9393 Springboro Pike
Miamisburg, Ohio 45342
Telephone: (937) 865-6800
Toll Free: 800-227-9597
Fax: (937) 865-7476
Toll Free: Fax: (800) 34-NEXIS
Wholly Owned Division of Reed Elsevier plc
Sales: $1.23 billion (1998)
NAIC: 514191 On-Line Information Services
The company's mission is to be the preferred provider of decision support information services to professionals in legal, business and government markets.
1966: Data Corporation contracts with Ohio Bar Association to create a computerized legal research system.
1968: The Mead Corporation buys Data Corporation.
1970: Mead creates Mead Data Central to develop a full-text, national legal research system.
1973: Four New York law firms are first subscribers to the LEXIS legal information service.
1979: NEXIS's news and business information service begins.
1994: Reed Elsevier plc purchases Mead Data Central and renames it LEXIS-NEXIS.
1999: Company forms LEXIS Publishing.
The LEXIS-NEXIS Group, a business division of Reed Elsevier plc, is a major electronic publisher and information provider. It serves customers in more than 60 countries, offering legal, business, government, academic, and financial information through the Web, dial-up online, CD-ROM, and books. LEXIS Publishing combines the company's legal brands: Lexis-Nexis, Matthew Bender, Shepard's, Martindale-Hubbell, and Michie. The NEXIS division consists of the NEXIS news and business information service and publisher Congressional Information Service Inc. The LEXIS-NEXIS database contains 2.5 billion searchable documents from nearly 25,000 news, business, and legal sources, with more than 14 million documents added each week.
From Defense Contracting to Legal Research: 1955-67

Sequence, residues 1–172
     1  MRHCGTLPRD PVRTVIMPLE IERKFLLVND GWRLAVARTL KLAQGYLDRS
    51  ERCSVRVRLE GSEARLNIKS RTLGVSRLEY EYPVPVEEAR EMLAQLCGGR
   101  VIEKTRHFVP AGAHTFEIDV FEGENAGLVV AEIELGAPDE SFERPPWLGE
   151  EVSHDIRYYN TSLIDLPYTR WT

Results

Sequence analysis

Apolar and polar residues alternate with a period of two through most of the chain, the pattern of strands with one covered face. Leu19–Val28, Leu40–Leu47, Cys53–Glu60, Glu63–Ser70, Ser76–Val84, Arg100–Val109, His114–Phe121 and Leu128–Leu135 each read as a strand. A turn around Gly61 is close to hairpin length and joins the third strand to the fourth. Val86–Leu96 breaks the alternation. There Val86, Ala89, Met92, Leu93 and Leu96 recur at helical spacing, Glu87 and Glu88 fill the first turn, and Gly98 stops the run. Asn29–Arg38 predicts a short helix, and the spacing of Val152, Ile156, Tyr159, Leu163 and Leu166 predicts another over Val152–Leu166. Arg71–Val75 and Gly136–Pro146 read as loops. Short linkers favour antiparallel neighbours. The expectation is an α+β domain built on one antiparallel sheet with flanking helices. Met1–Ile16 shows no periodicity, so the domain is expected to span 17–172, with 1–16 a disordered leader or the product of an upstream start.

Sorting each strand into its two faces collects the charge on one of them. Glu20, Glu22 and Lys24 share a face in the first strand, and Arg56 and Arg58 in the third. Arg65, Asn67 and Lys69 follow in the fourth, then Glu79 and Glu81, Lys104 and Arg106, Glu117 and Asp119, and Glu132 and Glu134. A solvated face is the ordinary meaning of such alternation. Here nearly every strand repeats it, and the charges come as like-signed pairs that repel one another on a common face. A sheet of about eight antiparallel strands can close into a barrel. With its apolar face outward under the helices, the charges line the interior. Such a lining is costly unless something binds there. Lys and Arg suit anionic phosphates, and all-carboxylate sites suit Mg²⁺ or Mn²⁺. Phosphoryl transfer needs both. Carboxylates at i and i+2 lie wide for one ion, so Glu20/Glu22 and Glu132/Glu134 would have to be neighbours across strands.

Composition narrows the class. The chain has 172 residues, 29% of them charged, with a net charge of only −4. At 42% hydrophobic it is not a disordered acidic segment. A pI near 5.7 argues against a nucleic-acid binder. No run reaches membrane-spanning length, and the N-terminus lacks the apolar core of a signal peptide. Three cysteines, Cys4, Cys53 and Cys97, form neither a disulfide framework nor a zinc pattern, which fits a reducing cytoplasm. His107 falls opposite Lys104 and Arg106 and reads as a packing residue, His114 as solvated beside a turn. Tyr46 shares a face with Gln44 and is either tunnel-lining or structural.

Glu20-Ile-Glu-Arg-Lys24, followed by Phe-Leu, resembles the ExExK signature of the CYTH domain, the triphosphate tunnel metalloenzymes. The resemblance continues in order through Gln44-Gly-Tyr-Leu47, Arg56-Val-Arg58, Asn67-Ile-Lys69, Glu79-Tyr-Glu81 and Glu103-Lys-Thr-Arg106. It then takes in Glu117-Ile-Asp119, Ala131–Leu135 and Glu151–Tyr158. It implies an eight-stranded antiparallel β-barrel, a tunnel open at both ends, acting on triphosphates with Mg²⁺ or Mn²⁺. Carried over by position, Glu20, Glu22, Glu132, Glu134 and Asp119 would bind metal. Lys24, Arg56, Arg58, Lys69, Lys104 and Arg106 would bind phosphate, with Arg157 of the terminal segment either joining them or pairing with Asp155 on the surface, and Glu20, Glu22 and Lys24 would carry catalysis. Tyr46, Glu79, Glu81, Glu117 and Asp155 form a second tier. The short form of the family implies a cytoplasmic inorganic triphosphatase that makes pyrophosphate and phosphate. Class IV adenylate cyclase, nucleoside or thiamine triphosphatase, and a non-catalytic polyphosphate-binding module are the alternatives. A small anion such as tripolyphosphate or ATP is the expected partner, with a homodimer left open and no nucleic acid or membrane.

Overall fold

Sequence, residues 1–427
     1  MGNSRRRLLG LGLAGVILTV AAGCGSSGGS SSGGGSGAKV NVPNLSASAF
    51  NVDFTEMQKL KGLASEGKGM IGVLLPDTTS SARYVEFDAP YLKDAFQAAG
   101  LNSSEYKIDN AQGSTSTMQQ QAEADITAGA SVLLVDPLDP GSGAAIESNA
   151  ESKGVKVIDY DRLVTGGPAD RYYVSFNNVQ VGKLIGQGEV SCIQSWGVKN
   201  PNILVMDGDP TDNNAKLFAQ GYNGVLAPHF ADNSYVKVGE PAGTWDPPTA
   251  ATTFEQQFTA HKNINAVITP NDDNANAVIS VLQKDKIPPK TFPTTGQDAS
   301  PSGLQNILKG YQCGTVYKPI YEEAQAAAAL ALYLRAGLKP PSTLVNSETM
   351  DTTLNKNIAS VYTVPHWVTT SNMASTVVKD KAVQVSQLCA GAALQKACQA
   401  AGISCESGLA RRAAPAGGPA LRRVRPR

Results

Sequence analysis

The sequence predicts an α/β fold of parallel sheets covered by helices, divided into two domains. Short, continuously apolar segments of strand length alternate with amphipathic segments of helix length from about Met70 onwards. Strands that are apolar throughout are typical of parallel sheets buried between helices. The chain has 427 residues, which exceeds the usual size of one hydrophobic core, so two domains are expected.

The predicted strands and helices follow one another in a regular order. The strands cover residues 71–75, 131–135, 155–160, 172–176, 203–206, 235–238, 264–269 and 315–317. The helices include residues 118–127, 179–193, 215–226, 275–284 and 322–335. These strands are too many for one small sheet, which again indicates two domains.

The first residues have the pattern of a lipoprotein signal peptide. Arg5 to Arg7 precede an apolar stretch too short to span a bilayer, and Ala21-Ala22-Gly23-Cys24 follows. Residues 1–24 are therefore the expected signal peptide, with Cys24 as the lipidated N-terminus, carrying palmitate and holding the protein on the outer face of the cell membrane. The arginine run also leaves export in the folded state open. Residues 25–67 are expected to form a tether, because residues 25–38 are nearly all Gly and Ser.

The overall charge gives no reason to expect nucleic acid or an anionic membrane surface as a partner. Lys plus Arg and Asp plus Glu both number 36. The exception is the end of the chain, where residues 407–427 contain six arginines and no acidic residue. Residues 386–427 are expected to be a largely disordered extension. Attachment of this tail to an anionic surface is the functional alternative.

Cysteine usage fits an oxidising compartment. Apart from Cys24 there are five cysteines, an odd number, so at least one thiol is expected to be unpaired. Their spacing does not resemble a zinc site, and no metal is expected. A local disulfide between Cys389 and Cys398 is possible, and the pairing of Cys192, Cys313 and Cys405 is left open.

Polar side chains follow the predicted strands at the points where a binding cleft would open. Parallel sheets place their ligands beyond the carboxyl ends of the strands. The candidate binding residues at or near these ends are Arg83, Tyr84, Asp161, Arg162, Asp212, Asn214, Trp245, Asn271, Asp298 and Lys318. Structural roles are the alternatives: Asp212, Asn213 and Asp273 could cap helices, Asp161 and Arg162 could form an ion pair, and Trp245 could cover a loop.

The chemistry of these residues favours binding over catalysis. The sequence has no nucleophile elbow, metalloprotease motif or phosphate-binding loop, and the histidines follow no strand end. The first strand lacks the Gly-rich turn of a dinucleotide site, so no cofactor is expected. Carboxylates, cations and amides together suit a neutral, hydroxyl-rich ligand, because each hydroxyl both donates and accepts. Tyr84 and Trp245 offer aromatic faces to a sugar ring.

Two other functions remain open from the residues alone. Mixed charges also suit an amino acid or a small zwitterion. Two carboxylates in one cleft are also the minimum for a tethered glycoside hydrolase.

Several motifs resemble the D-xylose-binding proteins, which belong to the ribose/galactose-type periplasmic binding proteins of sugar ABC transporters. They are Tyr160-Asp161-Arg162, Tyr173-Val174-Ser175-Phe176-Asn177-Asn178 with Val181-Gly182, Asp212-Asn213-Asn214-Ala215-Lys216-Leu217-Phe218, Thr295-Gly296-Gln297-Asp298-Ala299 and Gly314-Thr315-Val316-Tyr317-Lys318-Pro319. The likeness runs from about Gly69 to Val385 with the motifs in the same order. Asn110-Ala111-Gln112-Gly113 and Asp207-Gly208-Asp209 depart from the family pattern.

LEXIS-NEXIS could trace its history to a defense contractor, Systems Development Corporation, which began operations in Dayton, Ohio in 1955. The company later changed its name to Data Corporation and made money primarily from sole source contract work for Wright-Patterson and Rome Air Force bases in Ohio. Its CEO was William L. Gorog.
Wright-Patterson was the Air Force's principal research center, and one of Data Corporation's projects there was the development of a program called Recon Central. This was a computer-based system for storing and retrieving information about procurement contracts and worldwide inventories of radar equipment, basically a database of the Air Force's optical and photographic equipment. Later, the system was used to retrieve aerial reconnaissance photos. Another project was the development of an ink jet printer.
In 1966 the company put the research software created for Recon Central to a civilian use. The Ohio State Bar Association, headed by James Preston, Jr., was looking for a more effective way for its members to conduct legal research. Preston asked Data Corporation to come up with a system that would allow attorneys to use computers to research case law and state statutes. The resulting system, using the Recon Central software, cut research time from days to hours.
A New Owner: 1968-70
While Ohio attorneys were finding citations more quickly, the Mead Corporation, a longtime paper-making company based in Dayton, was deciding that it needed to diversify to counter the cyclical ups and downs of the paper industry. Mead chose to move into high technology and in 1968 paid $6 million for Data Corporation, which it renamed Mead Technology Laboratories. Mead was particularly interested in Data Corporation's ink jet printer and the Recon Central photo retrieval and storage system.
Gorog stayed with the company, supervising research and development, including the Ohio Bar Association research project. Not knowing quite what to do with the tiny database of Ohio law, in 1969 Mead hired the consulting firm Arthur D. Little, Inc. to analyze the marketing potential of that system. On the consulting team were attorneys H. Donald Wilson and Jerome Rubin.
The team submitted its report to Mead in 1970, finding that existing electronic legal research systems, including the Recon Central system, were inadequate. The major problem was that these systems did not search the text of the documents themselves, but depended on abstracts, indices, and document summaries. The team also found that there was a definite market for a high-quality, national computerized system to store and retrieve legal information. It recommended that Mead invest $20 to $30 million to develop such a system. To the surprise of just about everyone, Mead approved the proposal.
Mead Data Central, Inc.: 1970-73
To undertake the project, in 1970 Mead created a new subsidiary, Mead Data Central, Inc. (MDC), and Wilson and Rubin formed a management partnership to head it. That partnership lasted until September 1971, when Wilson stepped down as president. Jerome Rubin then assumed full control.